"What is an Indian?": Identity Politics in United States Federal Indian Law and American Indian Literatures* (Law, Literature, Postcoloniality)
ARIEL 2004, Jan-April, 35, 1-2
This book is available for download with iBooks on your Mac or iOS device, and with iTunes on your computer. Books can be read with iBooks on your Mac or iOS device.
The emergence of the idea of race as a scientific category in the first half of the nineteenth century in the United States was simultaneous with the emergence of biology as a category of knowledge and scientific racism as a mode of justifying both the enslavement of African Americans and the genocide of American Indians. (1) This racial bio-logic formed a new discourse of identity in the West, which claimed an autonomous and original realm of analysis for itself, though we can read it today as a particular form of cultural logic. This emergent bio-logic, however ambiguously, enters the discourse of federal Indian law in the landmark case of U.S. v. Rogers in 1846. The Lumbee legal scholar David E. Wilkins gives us this summary of the facts of the case:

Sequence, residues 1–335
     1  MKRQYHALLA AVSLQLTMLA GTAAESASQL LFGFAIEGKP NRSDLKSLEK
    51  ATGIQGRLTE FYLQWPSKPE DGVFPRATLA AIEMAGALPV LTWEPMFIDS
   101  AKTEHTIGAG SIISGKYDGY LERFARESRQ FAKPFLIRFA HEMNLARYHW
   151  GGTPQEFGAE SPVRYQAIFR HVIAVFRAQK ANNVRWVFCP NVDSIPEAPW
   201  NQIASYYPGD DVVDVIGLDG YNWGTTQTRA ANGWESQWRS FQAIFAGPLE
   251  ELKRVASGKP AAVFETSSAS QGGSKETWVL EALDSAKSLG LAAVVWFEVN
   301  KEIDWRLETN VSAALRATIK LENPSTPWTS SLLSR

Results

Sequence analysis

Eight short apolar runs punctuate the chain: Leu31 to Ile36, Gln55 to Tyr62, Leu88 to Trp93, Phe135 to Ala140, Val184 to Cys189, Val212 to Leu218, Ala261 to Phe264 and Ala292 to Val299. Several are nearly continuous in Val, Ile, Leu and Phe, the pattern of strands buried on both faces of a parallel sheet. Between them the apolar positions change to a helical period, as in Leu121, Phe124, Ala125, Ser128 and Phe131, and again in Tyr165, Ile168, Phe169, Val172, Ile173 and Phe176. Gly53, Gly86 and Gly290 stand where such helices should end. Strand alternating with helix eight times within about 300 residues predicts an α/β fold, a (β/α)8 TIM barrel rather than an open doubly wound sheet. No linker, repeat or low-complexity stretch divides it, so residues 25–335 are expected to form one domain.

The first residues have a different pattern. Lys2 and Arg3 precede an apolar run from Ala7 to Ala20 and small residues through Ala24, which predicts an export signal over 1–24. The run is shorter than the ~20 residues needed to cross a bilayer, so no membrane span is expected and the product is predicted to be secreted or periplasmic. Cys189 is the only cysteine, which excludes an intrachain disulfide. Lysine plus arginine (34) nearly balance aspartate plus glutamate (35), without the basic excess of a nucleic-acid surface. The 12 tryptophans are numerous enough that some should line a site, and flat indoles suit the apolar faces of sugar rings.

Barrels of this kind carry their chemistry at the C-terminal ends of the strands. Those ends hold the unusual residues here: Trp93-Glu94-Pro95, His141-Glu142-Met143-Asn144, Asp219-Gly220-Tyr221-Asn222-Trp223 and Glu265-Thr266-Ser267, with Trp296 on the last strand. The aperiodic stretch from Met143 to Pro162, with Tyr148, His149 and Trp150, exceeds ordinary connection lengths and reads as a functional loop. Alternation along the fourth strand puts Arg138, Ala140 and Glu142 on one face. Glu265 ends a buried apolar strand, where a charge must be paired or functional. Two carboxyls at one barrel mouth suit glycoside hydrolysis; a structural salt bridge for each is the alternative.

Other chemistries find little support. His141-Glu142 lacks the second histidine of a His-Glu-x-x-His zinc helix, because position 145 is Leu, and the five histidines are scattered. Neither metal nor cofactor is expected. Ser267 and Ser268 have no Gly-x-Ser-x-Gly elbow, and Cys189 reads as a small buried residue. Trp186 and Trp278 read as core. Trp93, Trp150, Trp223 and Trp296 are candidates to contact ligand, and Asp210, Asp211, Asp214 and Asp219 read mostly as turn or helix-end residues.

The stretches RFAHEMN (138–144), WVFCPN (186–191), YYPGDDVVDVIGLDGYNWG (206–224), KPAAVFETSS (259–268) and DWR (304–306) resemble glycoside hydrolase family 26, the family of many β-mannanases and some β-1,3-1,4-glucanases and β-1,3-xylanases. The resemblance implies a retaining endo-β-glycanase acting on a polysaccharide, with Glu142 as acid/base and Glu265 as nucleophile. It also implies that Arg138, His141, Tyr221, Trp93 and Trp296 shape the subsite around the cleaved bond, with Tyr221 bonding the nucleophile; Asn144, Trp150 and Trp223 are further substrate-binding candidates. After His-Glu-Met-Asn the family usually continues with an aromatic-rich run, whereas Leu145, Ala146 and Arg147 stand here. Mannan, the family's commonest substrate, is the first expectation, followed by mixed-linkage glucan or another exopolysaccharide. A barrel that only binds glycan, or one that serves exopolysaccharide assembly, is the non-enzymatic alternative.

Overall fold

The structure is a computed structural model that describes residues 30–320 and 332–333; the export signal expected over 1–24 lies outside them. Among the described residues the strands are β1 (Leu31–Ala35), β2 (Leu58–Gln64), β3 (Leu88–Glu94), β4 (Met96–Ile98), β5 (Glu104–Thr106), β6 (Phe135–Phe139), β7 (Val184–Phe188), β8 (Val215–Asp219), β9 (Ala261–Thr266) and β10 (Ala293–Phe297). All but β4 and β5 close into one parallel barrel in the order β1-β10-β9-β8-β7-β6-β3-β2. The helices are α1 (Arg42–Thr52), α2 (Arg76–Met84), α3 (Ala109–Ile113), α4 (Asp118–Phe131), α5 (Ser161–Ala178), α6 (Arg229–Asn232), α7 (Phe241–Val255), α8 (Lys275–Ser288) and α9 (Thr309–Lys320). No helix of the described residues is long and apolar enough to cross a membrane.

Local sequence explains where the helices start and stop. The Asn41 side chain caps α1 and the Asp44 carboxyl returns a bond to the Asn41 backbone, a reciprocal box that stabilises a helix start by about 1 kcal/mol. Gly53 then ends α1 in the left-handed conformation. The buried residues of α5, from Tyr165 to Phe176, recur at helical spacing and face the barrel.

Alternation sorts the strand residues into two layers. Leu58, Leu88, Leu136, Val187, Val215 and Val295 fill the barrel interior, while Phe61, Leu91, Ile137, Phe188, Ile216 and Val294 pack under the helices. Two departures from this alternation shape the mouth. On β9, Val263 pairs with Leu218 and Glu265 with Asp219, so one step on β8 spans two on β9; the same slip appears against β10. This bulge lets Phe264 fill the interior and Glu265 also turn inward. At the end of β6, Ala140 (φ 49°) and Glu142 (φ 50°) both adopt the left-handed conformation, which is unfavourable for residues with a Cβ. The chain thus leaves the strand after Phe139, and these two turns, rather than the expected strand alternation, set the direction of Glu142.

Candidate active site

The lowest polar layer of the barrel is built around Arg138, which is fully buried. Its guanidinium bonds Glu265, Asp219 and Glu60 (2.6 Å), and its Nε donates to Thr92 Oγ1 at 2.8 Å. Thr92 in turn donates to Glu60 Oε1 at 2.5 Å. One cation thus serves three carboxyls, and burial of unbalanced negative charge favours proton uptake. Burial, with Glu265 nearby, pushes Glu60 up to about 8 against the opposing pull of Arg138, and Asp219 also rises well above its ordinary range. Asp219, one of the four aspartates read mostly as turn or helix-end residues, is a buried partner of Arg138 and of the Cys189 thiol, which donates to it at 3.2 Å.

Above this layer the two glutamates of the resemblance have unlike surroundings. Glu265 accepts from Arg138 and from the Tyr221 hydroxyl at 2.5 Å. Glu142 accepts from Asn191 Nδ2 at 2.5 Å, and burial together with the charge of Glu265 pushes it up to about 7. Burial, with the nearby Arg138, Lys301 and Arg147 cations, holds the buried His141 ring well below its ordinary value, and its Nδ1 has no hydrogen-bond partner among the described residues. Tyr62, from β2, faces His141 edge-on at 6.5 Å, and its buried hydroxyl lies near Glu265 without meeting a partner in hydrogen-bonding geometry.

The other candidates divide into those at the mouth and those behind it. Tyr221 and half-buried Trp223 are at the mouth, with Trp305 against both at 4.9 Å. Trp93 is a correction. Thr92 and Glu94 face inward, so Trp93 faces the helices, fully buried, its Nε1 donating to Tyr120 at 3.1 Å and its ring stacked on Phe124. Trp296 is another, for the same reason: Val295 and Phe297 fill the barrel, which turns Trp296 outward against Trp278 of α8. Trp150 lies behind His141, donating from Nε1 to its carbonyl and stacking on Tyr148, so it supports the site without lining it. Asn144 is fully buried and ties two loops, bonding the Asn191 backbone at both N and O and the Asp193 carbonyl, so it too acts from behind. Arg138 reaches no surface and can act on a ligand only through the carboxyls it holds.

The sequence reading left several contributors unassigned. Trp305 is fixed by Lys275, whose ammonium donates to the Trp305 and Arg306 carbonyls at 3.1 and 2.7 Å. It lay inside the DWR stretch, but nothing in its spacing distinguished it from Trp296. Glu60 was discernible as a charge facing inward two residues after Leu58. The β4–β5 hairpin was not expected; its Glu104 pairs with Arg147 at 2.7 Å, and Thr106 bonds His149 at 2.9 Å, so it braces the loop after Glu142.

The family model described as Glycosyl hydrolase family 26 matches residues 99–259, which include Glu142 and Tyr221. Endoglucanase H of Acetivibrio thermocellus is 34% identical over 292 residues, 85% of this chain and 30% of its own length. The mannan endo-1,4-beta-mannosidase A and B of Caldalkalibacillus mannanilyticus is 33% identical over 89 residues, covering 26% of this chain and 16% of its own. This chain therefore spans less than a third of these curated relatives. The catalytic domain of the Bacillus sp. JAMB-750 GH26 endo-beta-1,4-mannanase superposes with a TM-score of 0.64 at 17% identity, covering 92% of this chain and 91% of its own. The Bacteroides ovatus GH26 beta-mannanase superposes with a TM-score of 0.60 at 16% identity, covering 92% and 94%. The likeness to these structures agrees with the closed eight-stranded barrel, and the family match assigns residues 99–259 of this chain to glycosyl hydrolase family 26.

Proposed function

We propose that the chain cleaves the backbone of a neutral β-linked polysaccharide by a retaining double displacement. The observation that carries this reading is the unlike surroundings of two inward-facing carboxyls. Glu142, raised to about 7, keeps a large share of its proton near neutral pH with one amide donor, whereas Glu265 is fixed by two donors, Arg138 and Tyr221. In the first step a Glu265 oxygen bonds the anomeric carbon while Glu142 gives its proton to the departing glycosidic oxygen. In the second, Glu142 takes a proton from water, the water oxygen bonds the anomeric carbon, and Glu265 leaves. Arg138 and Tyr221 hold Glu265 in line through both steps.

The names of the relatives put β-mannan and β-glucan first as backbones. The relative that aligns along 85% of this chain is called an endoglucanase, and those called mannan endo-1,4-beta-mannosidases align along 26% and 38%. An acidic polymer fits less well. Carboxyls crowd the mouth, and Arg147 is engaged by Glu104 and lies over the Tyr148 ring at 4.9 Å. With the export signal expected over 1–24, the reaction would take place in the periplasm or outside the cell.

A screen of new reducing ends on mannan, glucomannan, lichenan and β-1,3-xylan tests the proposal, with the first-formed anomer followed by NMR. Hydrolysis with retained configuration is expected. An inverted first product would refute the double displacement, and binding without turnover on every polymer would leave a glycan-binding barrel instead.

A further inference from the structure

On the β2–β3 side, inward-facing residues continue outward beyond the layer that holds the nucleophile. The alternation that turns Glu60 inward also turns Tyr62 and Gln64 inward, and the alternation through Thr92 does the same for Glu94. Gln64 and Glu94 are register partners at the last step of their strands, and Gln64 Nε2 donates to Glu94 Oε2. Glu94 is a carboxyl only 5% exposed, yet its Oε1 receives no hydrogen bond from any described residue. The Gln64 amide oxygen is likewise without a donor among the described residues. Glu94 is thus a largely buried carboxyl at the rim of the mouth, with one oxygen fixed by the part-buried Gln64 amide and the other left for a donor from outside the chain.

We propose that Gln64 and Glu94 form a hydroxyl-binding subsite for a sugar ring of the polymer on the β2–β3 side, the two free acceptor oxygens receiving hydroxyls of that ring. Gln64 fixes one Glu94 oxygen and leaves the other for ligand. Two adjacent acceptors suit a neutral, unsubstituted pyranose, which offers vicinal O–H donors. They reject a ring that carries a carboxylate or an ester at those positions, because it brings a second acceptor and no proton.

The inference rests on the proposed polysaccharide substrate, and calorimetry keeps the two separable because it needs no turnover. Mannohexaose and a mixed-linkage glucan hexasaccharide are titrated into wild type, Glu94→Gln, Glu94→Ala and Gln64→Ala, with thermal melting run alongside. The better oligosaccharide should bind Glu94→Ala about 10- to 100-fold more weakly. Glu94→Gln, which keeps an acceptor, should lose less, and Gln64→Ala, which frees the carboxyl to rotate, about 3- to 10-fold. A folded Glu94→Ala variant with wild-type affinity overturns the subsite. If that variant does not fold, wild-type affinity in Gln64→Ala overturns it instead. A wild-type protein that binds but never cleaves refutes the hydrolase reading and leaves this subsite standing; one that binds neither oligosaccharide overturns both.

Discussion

- Category: Language Arts & Disciplines
- Published: Jan 01, 2004
- Publisher: University of Calgary, Department of English
- Seller: The Gale Group, Inc.
- Print Length: 34 Pages
- Language: English